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Construction Inspection Program for New Reactors

After issuing a combined license (COL) for a new reactor, in accordance with the provisions of Title 10, Part 52, of the Code of Federal Regulations (10 CFR Part 52), the U.S. Nuclear Regulatory Commission (NRC) implements a stringent construction inspection program (CIP) during the period between licensing and initial operation and issues inspection reports documenting the results of the CIP. Developed by the Division of Construction Inspection Programs (DCIP) at the NRC's headquarters in Rockville, Maryland, the CIP is primarily implemented by the Region II Office in Atlanta, Georgia. Region II dispatches as many as five resident construction inspectors to a new reactor site during the pre-operational phase of construction to oversee the day-to-day activities of the licensee and its contractors, and may supplement this inspection staff with additional personnel from Region II and other regional offices, and Headquarters technical staff, as needed to ensure that the as-built facility conforms to the conditions of the COL. NRC resources are carefully managed to ensure that construction inspection activities do not in any way detract from the ongoing oversight of operating reactors.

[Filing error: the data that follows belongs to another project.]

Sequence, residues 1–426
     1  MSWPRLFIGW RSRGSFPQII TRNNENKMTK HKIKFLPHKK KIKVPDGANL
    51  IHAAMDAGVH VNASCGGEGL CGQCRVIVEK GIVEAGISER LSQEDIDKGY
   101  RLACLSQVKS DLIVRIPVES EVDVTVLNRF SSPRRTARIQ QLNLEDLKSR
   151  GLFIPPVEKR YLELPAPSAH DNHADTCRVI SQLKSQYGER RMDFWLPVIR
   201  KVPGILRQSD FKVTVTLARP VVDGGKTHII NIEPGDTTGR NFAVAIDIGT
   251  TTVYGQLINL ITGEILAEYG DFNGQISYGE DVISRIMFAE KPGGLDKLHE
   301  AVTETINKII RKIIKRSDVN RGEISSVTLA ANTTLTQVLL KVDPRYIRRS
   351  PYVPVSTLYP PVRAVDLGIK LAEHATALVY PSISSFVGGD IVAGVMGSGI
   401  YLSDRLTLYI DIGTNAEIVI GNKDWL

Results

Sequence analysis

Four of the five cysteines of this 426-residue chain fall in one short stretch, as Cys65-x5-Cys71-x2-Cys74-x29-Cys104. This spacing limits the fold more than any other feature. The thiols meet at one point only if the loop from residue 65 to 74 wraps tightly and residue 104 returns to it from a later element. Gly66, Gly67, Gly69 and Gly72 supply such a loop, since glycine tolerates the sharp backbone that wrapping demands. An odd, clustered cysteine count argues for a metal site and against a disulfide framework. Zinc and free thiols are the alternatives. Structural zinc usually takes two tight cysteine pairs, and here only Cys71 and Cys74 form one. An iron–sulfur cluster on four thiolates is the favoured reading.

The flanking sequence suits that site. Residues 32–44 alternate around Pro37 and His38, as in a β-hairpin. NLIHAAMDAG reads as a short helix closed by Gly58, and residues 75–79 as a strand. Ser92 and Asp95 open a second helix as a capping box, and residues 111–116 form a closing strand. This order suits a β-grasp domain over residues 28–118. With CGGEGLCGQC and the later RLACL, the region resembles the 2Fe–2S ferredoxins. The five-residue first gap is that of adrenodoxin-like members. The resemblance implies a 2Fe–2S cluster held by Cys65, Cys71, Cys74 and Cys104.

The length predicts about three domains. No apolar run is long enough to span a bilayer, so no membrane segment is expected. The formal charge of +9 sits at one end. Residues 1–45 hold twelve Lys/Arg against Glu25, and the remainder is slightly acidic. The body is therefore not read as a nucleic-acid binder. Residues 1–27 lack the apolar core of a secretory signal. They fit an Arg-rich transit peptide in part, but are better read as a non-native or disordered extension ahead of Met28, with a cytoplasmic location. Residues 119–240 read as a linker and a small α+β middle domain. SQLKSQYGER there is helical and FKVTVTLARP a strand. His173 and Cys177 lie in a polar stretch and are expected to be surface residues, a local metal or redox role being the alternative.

The NRC's onsite construction inspectors devote significant time and resources to verify the licensee's completion of the requisite inspections, tests, analyses, and acceptance criteria (ITAAC). The introduction of ITAAC into the new reactor licensing process under 10 CFR Part 52 created a design-specific pre-approved set of performance standards that the licensee must meet to the NRC's satisfaction. Under Inspection Manual Chapter (IMC) 2503, the NRC uses these direct inspections and other methods to confirm that the licensee has met these performance standards, as set forth in the COL, before allowing the licensee to begin loading fuel for initial plant startup and operation. In addition, under IMC 2504, the CIP inspects licensee construction programs (including Quality Assurance activities), pre-operational testing activities, and readiness of programs that will be required during operations. The inspections conducted in parallel under these two IMCs ensure that facilities are constructed correctly and that licensees will have the appropriate programs in place to operate safely. At the appropriate time, the CIP will also facilitate a smooth transition of NRC oversight to the Reactor Oversight Process.

As part of the CIP, the NRC conducts Vendor Quality Assurance Inspections to ensure that products and services furnished to U.S. reactors meet established regulatory requirements for quality and other safety factors.

In addition to its inspection functions, the CIP staff monitors construction and operational experience, as it applies to new reactors, and communicates relevant information to key stakeholders. The CIP staff also reviews allegations and implements the NRC's Enforcement Policy, as applicable for new reactor construction, using IMC 2505.

For additional information about the NRC's Construction Inspection Program for new reactors, see the following related pages:

Page Last Reviewed/Updated Tuesday, July 23, 2013